Crisis standard of care plans vary from jurisdiction to jurisdiction — there’s no national, standardized plan for how to treat a surge of patients with fixed resources. Many states put forward guidelines; some states, including New York, went further. The state did not initially release new crisis standards as the pandemic took hold, but instead passed a law in April immunizing providers from liability during the worst parts of the pandemic.
Some areas, like Utah, use a system that assigns patients a point value depending on the likelihood of treatment being effective. That has, in turn, led to criticism regarding age as a factor; in the event of a tie in points, under the Utah system, the younger patient will receive care.
But few hospitals or states announce when they’ve transitioned to crisis standards of care. Rather, it tends to come out after the fact, like in New York City, where doctors were forced to make life-or-death decisions with few resources at their disposal.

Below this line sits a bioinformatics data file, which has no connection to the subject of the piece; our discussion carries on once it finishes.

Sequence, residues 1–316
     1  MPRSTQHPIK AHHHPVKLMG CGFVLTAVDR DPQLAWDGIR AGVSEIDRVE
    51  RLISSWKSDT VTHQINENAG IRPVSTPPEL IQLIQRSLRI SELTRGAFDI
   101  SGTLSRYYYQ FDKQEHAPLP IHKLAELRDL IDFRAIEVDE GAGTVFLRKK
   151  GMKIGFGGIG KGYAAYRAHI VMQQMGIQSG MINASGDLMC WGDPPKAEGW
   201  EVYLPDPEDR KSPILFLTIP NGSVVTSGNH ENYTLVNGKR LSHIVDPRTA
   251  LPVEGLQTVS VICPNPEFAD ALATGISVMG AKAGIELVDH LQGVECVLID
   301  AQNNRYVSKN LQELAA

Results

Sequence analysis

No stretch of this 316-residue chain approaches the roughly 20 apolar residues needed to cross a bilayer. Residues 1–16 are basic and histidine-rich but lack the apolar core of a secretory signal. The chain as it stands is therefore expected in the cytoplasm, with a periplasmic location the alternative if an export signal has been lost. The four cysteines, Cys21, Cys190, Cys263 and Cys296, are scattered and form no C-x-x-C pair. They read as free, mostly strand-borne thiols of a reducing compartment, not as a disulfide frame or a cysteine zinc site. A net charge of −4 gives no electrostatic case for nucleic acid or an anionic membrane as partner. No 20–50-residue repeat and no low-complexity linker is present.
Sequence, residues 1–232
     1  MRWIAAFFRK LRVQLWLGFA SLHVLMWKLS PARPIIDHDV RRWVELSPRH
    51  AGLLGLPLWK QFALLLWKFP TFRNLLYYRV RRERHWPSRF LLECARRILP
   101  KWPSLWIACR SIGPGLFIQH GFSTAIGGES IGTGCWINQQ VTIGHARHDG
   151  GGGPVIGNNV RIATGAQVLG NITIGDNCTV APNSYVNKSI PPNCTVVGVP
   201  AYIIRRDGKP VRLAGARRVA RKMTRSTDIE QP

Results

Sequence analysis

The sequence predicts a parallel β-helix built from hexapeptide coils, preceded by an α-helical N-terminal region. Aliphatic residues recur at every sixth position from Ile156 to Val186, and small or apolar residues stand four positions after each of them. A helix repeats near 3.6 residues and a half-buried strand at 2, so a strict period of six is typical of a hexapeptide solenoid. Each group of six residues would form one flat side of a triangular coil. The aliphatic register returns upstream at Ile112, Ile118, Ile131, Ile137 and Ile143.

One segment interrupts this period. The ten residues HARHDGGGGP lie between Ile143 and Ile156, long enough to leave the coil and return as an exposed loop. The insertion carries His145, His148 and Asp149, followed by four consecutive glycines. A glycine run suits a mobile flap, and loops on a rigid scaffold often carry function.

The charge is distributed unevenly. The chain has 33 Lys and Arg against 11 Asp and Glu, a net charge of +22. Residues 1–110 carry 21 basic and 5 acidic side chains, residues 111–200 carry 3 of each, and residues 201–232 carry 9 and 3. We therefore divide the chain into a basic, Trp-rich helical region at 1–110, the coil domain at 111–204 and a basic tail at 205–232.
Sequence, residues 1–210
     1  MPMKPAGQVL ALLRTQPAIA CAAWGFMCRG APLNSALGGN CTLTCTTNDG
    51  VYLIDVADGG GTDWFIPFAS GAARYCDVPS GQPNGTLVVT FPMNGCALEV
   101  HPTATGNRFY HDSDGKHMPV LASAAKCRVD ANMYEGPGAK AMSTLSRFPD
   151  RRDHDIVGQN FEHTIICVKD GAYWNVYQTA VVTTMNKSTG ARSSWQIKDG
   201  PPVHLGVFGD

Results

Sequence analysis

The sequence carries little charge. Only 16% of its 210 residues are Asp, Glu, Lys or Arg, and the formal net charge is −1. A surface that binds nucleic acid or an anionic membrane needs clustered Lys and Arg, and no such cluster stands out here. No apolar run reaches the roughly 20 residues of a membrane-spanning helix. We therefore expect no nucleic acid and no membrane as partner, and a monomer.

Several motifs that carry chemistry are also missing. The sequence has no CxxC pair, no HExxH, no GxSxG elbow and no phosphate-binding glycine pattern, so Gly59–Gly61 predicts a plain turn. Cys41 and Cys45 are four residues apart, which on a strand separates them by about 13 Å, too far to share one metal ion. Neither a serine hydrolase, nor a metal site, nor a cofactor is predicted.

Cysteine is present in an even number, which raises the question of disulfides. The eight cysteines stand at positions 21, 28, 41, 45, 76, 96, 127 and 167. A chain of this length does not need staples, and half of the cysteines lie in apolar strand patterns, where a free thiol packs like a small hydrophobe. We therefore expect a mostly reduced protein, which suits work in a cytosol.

Arizona is the only state to have actually activated its crisis standards of care in an official, statewide way, and is the first state in U.S. history to do so.
“These are life-and-death decisions, but there’s little transparency,” Schmidt said.
But now, with the country breaking COVID-19 hospitalization records daily, the issue has gone from the abstract to the acute as medical systems face a surge in new patients.
In St. Louis, Children’s Hospital has begun to admit adult patients. In Wisconsin’s Fox Valley region, Dr. Paul Casey described to TPM last month how his hospital had been forced to place patients in hallways for treatment.
“We’re tight on beds,” he said.
El Paso, Texas, has spent the last month watching its ICU beds fill up. County Judge Ricardo Samaniego told the Texas Tribune last week that hospital officials were beginning to discuss how they would have to ration care amid a lack of ICU beds and available doctors, even after the state opened field hospitals in the city.